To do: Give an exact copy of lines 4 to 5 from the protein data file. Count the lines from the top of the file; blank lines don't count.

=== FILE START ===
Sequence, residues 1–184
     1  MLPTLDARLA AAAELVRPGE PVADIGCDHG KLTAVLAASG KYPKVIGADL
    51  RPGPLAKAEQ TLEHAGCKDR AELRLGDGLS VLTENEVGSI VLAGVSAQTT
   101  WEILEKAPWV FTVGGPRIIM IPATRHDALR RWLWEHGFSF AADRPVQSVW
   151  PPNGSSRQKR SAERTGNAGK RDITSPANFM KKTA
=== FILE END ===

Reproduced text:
   101  WEILEKAPWV FTVGGPRIIM IPATRHDALR RWLWEHGFSF AADRPVQSVW
   151  PPNGSSRQKR SAERTGNAGK RDITSPANFM KKTA